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Sep 28, 2020

IFM Due Co-Founder Andrea Ablasser, M.D., Named Recipient of 2020 William B. Coley Award

BOSTON, September 28, 2020 — IFM Therapeutics is thrilled to announce that IFM Due co-founder and scientific advisor, Andrea Ablasser, M.D., has been selected as a 2020 winner of the prestigious William B. Coley Award for Distinguished Research in Basic and Tumor Immunology from the Cancer Research Institute (CRI). This year’s winners are being recognized for their contributions regarding the discovery and characterization of the cGAS-STING pathway, an important component of the innate immune system that is involved in the detection of mis-localized DNA that can result from infection and other types of cellular damage. Sharing the 2020 award with Dr. Ablasser are fellow researchers Glen N. Barber, Ph.D., Zhijian J. Chen, Ph.D., Veit Hornung, M.D. and Russell E. Vance, Ph.D.

Regarding Dr. Ablasser and her fellow winners, the Cancer Research Institute remarked, “Collectively, their work paved the way for the development of novel therapeutic strategies to better harness the innate immune system, and potentially amplify immunotherapy’s benefits.”

“I am deeply honored to receive this year’s Coley Award along with my esteemed colleagues,” said Andrea Ablasser, M.D., who serves as Professor at the École Polytechnique Fédérale de Lausanne (EPFL) in Switzerland in addition to her roles with IFM. “It underscores the tremendous importance of the cGAS-STING pathway, a fundamental mechanism of immunity and the therapeutic promise of modulating this pathway for the treatment of human disease.”

This year’s award will be presented by Nobel Laureate Dr. James Allison, Director of the Cancer Research Institute’s Scientific Advisory Council, at the CRI Virtual Awards Gala on Tuesday, September 29, 2020, at 7:00pm EDT. 

The Coley Award is granted by the Cancer Research Institute each year for seminal discoveries in the field of basic immunology and cancer immunology. The award was established in 1975 in honor of Dr. William B. Coley, a pioneer of cancer immunotherapy whose daughter, Helen Coley Nauts, founded CRI.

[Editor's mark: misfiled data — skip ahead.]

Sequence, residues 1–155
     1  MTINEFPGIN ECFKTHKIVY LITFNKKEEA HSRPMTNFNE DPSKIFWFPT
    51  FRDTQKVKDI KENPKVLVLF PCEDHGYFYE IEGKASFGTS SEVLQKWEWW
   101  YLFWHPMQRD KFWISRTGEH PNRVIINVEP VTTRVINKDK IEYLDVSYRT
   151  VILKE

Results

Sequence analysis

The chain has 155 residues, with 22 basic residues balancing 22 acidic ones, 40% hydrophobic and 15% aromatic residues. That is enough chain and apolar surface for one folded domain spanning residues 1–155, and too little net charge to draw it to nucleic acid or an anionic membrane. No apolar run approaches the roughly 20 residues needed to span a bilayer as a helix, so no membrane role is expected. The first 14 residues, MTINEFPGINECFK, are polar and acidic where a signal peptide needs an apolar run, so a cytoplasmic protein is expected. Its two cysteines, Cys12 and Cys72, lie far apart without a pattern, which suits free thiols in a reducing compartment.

Dr. Ablasser’s Work: A Deeper Understanding of the cGAS-STING Pathway

The Coley Award recognizes Dr. Ablasser’s seminal contributions to the understanding of the cGAS/STING pathway since its discovery in 2013, which have shed light on the pathway’s role in diseases and point to potential therapeutic approaches. With two important studies published just in the past month, Andrea Ablasser and her research team continue to break new scientific ground regarding the cGAS-STING pathway by identifying novel mechanisms of discriminating between self- and non-self DNA.

In a study published this August in Science, Dr. Ablasser and her team identified the role of Barrier-to-Autointegration Factor 1 (BAF) in inhibiting the activation of the cGAS-STING pathway. The presence of DNA in the cytosol of the cell triggers an innate immune response through cGAS-STING activation. However, when DNA is sensed in the presence of BAF, a protein that enriches within the nuclear membrane, the cGAS-STING pathway is not activated, thus preventing possible autoimmune responses to genomic self-DNA.

In an article appearing in Nature this September, Dr. Ablasser and her team also defined the structural mechanistic processes behind the interaction of cGAS and chromatin, which has been found to dampen activation of the cGAS protein that resides in the nucleus of cells. By resolving the cryo-electron microscopy structure of the cGAS–chromatin interaction, Dr. Ablasser and colleagues discovered the acidic patch of nucleosomes bind and inhibit cGAS. When cGAS is mutated at key interaction residues, the inhibitory binding effect of nucleosomes is ablated and a prominent innate immune response to cellular self-DNA is unleashed.  


About IFM Therapeutics, LLC

IFM Therapeutics (IFM) is an independent, privately-held biopharmaceutical company based in Boston, Massachusetts. IFM’s team has discovered and developed small molecules that modulate novel targets in the innate immune system as next-generation therapies for cancer, autoimmunity and inflammatory disorders. IFM places each program (or set of related programs) in its own dedicated, independently financed, R&D-focused subsidiary company, which is supported by the common infrastructure, management team and resources of the IFM enterprise. For more information on IFM and its model, please visit

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Spectrum Science